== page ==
If you are a New York Rangers fan, then you know just how special 1994 was not only to you, but the entire franchise, city, and even the NHL as a whole.
This was the year that the Blueshirts ended their 54-year curse and won the Stanley Cup for the first time since 1940. After 54 years of heartbreak, bad luck, and even some bad play, the Rangers had their best season in franchise history and vanquished the ghosts that had haunted Madison Square Garden for such a long time.
On February 8, the franchise will be celebrating their 25th Cup-winning anniversary. Not only is it crazy that it’s been 25 years since they won hockey’s Holy Grail, but they could have won the Cup on their 20th anniversary (2014) when they lost to the Los Angeles Kings in five games in the Final.
That year, I turned 11-years-old. I have fond memories of that season that I would like to share here with you folks.
They are not in ny particular order, but here are the three things I remember most about that magical season:
Mike Richter’s Coming Out Party
Prior to 1994, Richter had established himself as a pretty solid netminder. He was a Vezina Trophy finalist during the 1990-91 season, was an All-Star in the 1991-92 season, and had shown he could play well in the playoffs.
In 1994, however, he showed that he was an elite masked man. He was an All-Star that won the All-Star MVP award and finished the regular season with a 42-12-6 record to go along with a 2.57 goals-against average, a .910 save percentage, and five shutouts.
It was the playoffs where Richter truly shined. He stoned Vancouver Canucks’ forward Pavel Bure on a penalty shot in Game 4 of the Final, won 16 games, and finished the postseason with a 2.07 goals-against average and a .921 save percentage.
Adam Graves Pots over 50 goals
This was one of the greatest things to see during the year. Adam Graves was already a fan favorite, but in this particular season, he showed that he could put the puck in the net.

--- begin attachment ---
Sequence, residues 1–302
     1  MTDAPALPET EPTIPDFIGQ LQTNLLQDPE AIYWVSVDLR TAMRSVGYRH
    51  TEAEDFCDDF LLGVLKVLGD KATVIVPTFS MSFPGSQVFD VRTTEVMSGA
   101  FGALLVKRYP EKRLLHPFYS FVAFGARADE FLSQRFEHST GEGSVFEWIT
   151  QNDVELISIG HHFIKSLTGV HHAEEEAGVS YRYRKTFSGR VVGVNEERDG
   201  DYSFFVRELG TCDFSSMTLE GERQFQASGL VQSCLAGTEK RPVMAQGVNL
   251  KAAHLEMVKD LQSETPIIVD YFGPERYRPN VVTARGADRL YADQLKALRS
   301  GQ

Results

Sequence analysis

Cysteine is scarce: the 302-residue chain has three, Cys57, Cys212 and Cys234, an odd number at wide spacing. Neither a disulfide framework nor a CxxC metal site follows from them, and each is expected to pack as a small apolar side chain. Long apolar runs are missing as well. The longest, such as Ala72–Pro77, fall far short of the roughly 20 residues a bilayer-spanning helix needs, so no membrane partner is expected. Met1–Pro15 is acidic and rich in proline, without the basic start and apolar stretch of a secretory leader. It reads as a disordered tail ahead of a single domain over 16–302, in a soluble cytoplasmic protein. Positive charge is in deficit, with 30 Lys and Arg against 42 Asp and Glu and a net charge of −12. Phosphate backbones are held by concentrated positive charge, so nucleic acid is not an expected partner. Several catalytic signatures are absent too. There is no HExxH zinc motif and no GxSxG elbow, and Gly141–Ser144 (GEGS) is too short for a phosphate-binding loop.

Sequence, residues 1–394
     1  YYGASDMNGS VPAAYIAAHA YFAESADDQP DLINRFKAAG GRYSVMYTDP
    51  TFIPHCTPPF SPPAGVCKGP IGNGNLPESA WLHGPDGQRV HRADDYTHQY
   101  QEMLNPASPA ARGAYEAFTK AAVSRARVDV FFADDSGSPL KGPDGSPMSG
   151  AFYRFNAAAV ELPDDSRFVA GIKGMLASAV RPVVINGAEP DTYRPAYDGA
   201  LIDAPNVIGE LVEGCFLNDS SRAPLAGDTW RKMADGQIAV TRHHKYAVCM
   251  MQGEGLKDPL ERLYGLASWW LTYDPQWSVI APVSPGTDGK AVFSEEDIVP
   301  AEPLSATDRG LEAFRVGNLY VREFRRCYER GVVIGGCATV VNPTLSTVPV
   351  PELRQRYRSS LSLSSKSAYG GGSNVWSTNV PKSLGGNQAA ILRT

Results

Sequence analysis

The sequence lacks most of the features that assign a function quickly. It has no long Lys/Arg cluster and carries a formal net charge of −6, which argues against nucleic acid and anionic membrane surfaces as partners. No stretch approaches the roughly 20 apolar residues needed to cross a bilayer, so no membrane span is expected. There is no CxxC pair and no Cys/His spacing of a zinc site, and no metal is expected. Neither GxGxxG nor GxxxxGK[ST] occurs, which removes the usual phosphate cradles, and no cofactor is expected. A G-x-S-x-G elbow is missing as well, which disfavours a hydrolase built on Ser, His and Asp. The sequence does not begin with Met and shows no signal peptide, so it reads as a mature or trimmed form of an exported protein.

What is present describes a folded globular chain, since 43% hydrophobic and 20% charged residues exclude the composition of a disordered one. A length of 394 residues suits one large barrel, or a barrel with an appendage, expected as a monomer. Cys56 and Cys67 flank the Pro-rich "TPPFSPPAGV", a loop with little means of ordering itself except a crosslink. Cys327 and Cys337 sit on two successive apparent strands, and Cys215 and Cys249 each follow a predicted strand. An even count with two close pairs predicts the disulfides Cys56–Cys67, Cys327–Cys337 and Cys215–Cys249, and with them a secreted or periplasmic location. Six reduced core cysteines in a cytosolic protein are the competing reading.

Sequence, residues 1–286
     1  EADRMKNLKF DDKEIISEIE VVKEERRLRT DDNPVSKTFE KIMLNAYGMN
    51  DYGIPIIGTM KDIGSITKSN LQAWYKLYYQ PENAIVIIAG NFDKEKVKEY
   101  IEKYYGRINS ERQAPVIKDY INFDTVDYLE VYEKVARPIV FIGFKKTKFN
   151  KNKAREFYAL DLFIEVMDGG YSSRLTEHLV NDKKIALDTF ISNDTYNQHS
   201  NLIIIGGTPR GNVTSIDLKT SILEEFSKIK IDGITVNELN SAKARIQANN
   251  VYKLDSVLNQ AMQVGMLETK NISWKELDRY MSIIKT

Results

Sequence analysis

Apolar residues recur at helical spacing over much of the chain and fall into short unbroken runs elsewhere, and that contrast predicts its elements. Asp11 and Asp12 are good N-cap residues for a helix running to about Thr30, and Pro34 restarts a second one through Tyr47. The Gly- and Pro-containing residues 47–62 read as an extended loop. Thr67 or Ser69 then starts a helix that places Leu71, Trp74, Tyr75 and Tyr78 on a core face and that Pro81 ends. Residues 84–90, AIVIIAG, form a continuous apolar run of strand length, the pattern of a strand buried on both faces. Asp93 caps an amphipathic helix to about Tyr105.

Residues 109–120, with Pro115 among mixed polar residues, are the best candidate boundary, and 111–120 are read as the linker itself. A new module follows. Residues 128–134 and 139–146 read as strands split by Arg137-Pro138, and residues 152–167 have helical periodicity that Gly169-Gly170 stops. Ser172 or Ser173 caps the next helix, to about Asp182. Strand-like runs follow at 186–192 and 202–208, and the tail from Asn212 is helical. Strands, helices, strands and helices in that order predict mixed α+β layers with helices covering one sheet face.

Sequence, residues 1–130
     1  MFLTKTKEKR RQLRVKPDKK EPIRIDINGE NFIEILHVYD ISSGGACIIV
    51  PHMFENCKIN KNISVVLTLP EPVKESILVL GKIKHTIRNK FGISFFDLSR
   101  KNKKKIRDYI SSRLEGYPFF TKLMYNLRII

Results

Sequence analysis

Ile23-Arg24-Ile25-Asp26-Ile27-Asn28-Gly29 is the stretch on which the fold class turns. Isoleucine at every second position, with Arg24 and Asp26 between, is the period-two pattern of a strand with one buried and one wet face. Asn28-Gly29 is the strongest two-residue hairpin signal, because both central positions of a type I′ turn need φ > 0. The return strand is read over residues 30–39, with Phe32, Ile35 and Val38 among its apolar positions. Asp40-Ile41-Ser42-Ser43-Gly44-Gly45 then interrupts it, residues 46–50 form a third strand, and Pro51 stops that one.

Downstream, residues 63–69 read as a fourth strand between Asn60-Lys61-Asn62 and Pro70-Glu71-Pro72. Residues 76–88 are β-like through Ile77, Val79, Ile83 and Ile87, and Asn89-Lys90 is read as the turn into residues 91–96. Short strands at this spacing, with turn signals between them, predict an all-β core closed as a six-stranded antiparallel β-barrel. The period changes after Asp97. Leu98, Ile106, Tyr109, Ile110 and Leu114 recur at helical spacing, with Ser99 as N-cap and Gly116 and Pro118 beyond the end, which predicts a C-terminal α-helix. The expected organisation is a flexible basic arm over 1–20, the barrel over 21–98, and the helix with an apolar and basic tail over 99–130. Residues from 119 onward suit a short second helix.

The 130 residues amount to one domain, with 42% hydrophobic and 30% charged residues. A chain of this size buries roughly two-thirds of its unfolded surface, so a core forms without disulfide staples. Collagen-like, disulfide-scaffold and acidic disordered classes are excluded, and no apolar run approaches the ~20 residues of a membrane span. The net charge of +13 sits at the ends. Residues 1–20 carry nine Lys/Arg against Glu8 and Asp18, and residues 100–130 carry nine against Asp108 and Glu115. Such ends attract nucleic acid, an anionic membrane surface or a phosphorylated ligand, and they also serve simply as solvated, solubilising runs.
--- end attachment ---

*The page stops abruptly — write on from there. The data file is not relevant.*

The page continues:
In 1994, Graves broke Vic Hadfield’s record scored a then franchise record 52 goals. He also played in his first NHL All-Star Game, was named to the NHL’s second All-Star team, and won King Clancy Memorial Trophy in recognition of his continuing work with charitable causes.
In the postseason, he picked-up 17 points on 10 goals and 7 assists. He also scored a goal in Game 7 when the Rangers clinched the Cup.
Mark Messier’s Guarantee
Believe it or not, the Blueshirts almost ended up getting knocked out in Eastern Conference Finals by the New Jersey Devils in Game 6 before winning Game 7 on Stephane Matteau’s unbelievable overtime goal.
Going into Game 6, the Blueshirts were down 3-2 and had not played well in Games 4 or 5. In fact, there had been some tension in the locker room due to then head coach Mike Keenan.
With all of this going on, then team captain and hero Mark Messier took it upon himself to shift the focus on him and he guaranteed that the team would win Game 6.
Not only did the team end up winning the game, but Messier delivered one of the greatest playoff performances of all time. He picked-up four points with a hat trick and showed that like New York Jets’ quarterback Joe Namath, he could come through on his big-game promise.